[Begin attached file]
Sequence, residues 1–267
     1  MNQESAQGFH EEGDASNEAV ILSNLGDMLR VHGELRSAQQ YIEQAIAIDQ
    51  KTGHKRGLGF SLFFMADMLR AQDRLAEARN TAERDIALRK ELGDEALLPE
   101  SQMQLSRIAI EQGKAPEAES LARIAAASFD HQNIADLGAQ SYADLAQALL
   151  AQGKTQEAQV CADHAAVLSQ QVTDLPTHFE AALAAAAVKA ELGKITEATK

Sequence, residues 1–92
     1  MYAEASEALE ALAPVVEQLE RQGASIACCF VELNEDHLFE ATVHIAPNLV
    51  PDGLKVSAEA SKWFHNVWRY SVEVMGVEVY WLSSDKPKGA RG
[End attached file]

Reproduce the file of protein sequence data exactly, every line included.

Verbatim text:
Sequence, residues 1–267
     1  MNQESAQGFH EEGDASNEAV ILSNLGDMLR VHGELRSAQQ YIEQAIAIDQ
    51  KTGHKRGLGF SLFFMADMLR AQDRLAEARN TAERDIALRK ELGDEALLPE
   101  SQMQLSRIAI EQGKAPEAES LARIAAASFD HQNIADLGAQ SYADLAQALL
   151  AQGKTQEAQV CADHAAVLSQ QVTDLPTHFE AALAAAAVKA ELGKITEATK

Sequence, residues 1–92
     1  MYAEASEALE ALAPVVEQLE RQGASIACCF VELNEDHLFE ATVHIAPNLV
    51  PDGLKVSAEA SKWFHNVWRY SVEVMGVEVY WLSSDKPKGA RG